'I Am Divine'
'I Am Divine'
When I woke up on the first day of the Louisiana International Film Festival's three-day stint in Baton Rouge, I appreciated that my chic boutique Hotel Indigo overlooked the mighty Mississippi and was only a block from two of the major viewing and party locations of the festival: the Manship Theatre in the modern (built in 2005) Shaw Center for the Arts, and the striking Gothic/Moorish Old State Capitol, built in 1847.  

Ian Birnie, the Festival's programming director, had told me that Mark Twain had loathed the building ("It is pathetic…that a whitewashed castle, with turrets and things…should ever have been built in this otherwise honorable place"), but I replied, sanguinely, that he had no idea what horrors in architecture the future would hold, making the Old State Capitol look benign in comparison.

Luckily I scored a ride from the hotel to the Celtic Media Centre (according to Google Maps, 9.4 miles away, "14 minutes by car, 2 hours 49 minutes on foot"), which was the site of an ambitious day-long program, including film workshops and panel discussions, screenings of films with a Louisiana connection, an Industry Expo, and the Mayor's Luncheon. 

We arrived at the immaculate, modern lot -- a sister studio to Raleigh Studios in Hollywood -- and toured the Industry Expo, vendors touting insurance, crew hiring, local housing, and car and equipment rentals.  Even though I was quick to tell them that I was not their target audience, I accumulated pens, caps, and cup sleeves galore.  I was more intrigued by the line-up of food trucks, including the Dolce Vita pizzeria, Pullin' Pork, Taco de Paco, Community Coffee, and the nicely-named Fleur de Licious, featuring porchetta sandwiches.  But I was there for an imminent luncheon, so instead I explored the main office building, where I could see that all the morning's workshops were gratifyingly full.

The luncheon featured green salad with chicken, pasta salad with shrimp, and the kind of mildly interesting boosterish speeches about the festival and Louisiana film production that don't demand full attention.  I was more interested in speaking with the two adjacent tables of young students from the Baton Rouge Mentorship Academy, a college-prep high school. They were an important part of the focus of the festival (whose full name is Louisiana International Film Festival and Mentorship Program), but they were whisked away into workshops before I got very far.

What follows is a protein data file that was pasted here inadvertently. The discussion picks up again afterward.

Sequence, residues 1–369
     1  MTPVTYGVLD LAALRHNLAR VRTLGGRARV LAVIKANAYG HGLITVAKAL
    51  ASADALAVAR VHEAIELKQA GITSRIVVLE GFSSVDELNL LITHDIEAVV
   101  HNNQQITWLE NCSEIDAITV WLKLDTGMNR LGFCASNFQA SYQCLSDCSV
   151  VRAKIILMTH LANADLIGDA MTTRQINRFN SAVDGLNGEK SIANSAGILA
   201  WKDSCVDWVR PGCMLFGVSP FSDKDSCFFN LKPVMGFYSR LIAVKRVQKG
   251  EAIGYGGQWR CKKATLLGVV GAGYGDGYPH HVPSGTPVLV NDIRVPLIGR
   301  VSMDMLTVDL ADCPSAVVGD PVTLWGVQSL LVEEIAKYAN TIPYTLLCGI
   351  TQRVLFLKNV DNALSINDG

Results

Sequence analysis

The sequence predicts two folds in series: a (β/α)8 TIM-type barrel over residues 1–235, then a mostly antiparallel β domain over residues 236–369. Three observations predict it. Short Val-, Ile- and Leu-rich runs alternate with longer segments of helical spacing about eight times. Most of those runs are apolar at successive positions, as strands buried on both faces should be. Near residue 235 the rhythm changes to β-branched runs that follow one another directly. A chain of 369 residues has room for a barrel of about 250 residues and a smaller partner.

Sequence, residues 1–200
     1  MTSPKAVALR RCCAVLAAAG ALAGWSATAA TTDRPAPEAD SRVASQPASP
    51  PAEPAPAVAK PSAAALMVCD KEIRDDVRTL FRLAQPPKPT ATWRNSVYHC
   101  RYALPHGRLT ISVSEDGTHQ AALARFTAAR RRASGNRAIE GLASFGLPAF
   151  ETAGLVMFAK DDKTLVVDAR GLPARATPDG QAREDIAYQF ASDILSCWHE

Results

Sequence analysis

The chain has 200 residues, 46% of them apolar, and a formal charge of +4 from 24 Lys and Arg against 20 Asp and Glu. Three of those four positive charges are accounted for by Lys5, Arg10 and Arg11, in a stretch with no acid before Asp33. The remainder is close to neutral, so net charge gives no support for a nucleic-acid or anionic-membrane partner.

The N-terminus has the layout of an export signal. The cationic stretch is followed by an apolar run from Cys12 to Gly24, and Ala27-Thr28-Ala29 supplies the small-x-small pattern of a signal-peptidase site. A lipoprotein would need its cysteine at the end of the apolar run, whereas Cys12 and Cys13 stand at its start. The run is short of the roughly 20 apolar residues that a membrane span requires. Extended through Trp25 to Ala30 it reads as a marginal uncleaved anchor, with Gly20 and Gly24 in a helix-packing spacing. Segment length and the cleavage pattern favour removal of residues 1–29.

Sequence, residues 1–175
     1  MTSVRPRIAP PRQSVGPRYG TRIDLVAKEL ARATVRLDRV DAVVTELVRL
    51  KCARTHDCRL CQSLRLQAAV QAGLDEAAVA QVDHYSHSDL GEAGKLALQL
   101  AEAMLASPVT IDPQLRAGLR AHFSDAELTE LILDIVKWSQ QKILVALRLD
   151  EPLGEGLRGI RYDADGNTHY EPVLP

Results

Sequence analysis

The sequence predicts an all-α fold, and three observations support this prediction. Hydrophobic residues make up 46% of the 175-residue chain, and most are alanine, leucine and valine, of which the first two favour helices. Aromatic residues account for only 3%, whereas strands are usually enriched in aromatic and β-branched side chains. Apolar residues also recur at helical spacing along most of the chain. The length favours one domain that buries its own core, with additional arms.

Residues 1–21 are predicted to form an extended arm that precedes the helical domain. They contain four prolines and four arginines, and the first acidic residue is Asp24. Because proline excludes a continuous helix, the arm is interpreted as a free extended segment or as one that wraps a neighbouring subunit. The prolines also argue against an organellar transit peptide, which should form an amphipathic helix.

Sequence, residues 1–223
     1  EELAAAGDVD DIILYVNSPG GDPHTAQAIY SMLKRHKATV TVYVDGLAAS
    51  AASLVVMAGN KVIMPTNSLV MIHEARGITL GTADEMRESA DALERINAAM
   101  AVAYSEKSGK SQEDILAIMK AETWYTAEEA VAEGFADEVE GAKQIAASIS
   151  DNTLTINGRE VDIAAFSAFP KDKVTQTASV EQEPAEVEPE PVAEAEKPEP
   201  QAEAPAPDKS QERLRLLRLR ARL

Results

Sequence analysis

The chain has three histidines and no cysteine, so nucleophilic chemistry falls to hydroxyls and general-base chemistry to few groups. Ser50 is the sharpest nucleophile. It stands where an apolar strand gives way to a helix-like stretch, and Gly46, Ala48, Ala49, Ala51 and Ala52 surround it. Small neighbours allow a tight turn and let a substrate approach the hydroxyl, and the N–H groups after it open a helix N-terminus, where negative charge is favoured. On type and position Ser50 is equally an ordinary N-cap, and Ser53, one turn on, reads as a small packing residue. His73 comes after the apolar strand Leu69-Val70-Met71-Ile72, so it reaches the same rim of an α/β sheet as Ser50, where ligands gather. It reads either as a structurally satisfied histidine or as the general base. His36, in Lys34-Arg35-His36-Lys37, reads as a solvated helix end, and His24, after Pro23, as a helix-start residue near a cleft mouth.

Afterwards I was treated to a fascinating tour of the studios by Director of Studio Operations Patrick Mulhearn, who pointed out the creative re-use of certain perks put in by rapper Master P when the facility was going to be the site of his recording studios:  shark tanks designed to be visible from his glass-walled shower, a helicopter landing pad, and a basketball court that became one of the complex's more intimate studios. It's here, I'm told, that Bella Swan and Edward Cullen (as impersonated by Kristen Stewart and Robert Pattinson) were in bed together when they were rudely interrupted by the sound of automatic weapon fire from the "Battleship" set across the lot. Mulhearn also said that some enterprising Twihards attempted to sneak onto the lot by boarding the "Battleship" crew bus, but were summarily discovered and dispatched.  The walls of the main office building are lined with huge blowups of photographs from some of the most famous movies shot in Louisiana, including "Louisiana Story" by Robert Flaherty and Martin Ritt's  "The Long Hot Summer."  Mulhearn points out Paul Newman, and reflexively I say "And that's Anthony Franciosa," which he seems pleased to know.

I hitch another ride back to downtown Baton Rouge -- the city feels a bit like the other LA to me, the one with minimalls and neighborhoods connected by freeways, and difficult to explore without a car.  But the rest of the day was to be contained within not much more than a block: three screenings at the Manship Theatre and a reception at the Old Capitol building.